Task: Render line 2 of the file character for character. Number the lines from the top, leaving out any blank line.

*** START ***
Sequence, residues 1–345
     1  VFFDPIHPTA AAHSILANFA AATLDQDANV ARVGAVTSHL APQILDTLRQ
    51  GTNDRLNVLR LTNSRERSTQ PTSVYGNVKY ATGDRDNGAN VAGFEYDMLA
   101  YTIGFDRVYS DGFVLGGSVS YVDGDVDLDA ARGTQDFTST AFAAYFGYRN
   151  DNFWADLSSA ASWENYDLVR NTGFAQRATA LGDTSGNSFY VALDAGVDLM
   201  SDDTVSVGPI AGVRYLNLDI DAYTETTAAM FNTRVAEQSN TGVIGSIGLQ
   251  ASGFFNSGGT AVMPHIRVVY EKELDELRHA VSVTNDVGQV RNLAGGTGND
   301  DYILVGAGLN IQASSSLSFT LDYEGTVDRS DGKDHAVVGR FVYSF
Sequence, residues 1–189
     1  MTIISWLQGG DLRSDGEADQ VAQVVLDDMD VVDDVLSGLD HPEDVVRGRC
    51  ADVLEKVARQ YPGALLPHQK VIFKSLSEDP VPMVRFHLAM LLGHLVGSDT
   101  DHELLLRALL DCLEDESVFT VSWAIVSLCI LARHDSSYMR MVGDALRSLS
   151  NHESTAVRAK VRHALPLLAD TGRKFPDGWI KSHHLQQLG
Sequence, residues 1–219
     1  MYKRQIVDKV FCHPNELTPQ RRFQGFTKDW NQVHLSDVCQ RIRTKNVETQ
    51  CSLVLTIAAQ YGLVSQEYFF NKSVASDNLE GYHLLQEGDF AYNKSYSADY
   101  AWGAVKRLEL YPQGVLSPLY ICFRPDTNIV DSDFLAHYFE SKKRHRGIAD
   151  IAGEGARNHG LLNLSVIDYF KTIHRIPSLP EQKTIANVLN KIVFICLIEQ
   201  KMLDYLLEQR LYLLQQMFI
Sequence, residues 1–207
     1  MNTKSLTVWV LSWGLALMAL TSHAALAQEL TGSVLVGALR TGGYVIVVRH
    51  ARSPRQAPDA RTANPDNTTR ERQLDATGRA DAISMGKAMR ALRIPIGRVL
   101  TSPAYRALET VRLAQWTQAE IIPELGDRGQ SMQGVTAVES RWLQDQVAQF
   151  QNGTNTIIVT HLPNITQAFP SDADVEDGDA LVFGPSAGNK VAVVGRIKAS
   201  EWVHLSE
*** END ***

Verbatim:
     1  VFFDPIHPTA AAHSILANFA AATLDQDANV ARVGAVTSHL APQILDTLRQ